Some Christians Give Up Social Media For Lent

Roughly one in six practicing U.S. Christians (16%) say they are giving up social media for Lent, according to a new survey from the Barna Group, a California research outfit that specializes in studying religious attitudes and practices. A separate survey by found Twitter is the third-most-popular Lenten sacrifice this year, while “social networking” in general is seventh.
According to Barna, 31% of practicing Christians say they will try to abstain from technology altogether, rising to 48% of Protestants (Presumably, they are referring to mobile devices and DVRs, rather than, say, electricity.) The social media and technology fasts were more popular this year than traditional Lenten sacrifices, like swearing and smoking, selected by just 2% of survey respondents.

In addition, chocolate remains a popular item of abstention, cited by 30% of respondents in the Barna survey.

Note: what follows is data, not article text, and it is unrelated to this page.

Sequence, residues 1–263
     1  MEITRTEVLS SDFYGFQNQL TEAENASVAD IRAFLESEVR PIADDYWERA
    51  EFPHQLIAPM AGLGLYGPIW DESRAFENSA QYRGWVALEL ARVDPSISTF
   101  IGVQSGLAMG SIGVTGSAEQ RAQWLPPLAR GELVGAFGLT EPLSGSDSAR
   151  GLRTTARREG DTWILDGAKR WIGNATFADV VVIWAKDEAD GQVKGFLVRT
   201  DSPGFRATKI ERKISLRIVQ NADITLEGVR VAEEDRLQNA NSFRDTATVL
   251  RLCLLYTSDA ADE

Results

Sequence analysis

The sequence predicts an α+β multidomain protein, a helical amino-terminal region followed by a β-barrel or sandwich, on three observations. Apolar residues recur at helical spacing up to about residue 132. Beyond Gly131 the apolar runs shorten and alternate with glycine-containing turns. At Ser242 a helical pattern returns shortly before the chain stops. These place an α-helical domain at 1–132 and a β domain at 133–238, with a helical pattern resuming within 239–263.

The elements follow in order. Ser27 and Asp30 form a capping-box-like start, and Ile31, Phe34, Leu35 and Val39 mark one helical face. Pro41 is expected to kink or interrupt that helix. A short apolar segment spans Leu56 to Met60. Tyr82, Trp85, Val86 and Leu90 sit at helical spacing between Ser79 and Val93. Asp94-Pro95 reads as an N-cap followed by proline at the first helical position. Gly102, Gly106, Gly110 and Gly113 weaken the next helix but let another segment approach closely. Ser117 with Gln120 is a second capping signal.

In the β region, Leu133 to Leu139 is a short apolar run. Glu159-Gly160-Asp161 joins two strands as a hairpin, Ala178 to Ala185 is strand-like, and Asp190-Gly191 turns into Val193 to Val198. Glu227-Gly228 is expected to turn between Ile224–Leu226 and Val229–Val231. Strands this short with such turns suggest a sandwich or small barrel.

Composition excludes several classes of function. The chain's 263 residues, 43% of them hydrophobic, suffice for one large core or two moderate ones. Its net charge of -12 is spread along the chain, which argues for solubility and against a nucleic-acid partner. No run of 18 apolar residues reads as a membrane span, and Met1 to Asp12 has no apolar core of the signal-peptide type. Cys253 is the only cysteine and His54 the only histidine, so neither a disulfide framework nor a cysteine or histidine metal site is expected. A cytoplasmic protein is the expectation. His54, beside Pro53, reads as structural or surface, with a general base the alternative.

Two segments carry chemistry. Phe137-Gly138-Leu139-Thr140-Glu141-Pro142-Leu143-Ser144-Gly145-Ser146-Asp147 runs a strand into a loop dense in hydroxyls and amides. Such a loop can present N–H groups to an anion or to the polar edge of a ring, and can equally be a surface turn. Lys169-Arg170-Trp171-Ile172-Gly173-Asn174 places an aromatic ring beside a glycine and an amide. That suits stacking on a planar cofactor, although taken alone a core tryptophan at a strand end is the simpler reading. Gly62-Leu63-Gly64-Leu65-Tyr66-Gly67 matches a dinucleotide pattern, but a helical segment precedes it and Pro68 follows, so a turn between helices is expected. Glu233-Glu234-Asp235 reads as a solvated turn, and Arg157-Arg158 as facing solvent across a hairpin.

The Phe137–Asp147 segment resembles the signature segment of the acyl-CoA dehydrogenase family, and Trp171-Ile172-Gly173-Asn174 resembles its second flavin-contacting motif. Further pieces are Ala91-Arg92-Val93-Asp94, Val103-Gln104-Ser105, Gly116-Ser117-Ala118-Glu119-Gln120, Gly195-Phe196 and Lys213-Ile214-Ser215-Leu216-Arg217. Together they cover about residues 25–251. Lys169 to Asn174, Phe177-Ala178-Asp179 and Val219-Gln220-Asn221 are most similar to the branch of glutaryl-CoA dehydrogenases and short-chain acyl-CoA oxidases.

Last year, it was reported that many Muslims around the world were imposing a voluntary “Facebook fast” on themselves, in addition to the traditional food fast, as part of the holy month of Ramadan. Although not officially decreed by clerics, some participants said abstaining from social media helped them focus on spiritual reflection and study as part of the traditional “religious retreat” during Ramadan.
Fasting and other forms of voluntary sacrifice provide an interesting window into human psychology. For abstention to be meaningful, the object or practice given up has to be something that the abstainer enjoys or at least uses routinely. By abstaining from things that normally permeate their lives, participants are constantly reminded of the discipline they are imposing on themselves for the period of the fast.
Conversely, many people also try to piggyback other forms self-improvement on the spiritual self-denial. I wonder how many people who give up tobacco for Lent are basically trying to kick the habit altogether, and giving up chocolate for six weeks sounds like a good way to start losing weight. I wonder if something similar is going on with social media fasts. Are some people trying to reduce their social media usage in the long term?
At the very least, taking a step back from social media allows us to see with better perspective the large (maybe excessive) role it plays in our lives, as well as consider its less-obvious impacts. Even if this doesn’t prompt us to cut down in the long term, it has to be a good thing.
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